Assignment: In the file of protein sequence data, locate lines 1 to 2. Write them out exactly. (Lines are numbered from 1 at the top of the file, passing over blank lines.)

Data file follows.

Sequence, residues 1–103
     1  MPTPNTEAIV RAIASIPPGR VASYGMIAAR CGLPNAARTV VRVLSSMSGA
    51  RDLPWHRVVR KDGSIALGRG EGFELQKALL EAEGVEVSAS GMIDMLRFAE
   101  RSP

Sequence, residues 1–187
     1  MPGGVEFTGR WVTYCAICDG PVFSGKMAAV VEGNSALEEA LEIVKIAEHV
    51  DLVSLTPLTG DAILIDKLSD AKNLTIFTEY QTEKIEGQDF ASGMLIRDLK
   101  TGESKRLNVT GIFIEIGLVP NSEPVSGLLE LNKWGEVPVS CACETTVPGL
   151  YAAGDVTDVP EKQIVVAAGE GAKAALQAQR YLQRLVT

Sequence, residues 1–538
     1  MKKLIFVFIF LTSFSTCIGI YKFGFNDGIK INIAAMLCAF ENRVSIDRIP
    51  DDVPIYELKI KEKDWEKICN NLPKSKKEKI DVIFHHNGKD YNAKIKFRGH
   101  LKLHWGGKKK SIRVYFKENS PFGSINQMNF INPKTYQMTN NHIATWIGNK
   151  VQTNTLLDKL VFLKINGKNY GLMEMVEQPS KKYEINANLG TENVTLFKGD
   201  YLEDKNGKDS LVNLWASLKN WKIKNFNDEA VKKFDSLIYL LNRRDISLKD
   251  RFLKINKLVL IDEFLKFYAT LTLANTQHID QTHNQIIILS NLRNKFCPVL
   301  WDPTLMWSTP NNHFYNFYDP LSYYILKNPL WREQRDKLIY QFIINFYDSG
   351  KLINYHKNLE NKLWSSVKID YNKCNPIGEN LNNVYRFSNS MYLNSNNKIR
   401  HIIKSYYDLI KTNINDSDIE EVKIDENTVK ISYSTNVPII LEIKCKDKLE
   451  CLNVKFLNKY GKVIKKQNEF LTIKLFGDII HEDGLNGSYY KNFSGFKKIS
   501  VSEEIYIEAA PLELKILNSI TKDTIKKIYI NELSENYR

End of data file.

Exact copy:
Sequence, residues 1–103
     1  MPTPNTEAIV RAIASIPPGR VASYGMIAAR CGLPNAARTV VRVLSSMSGA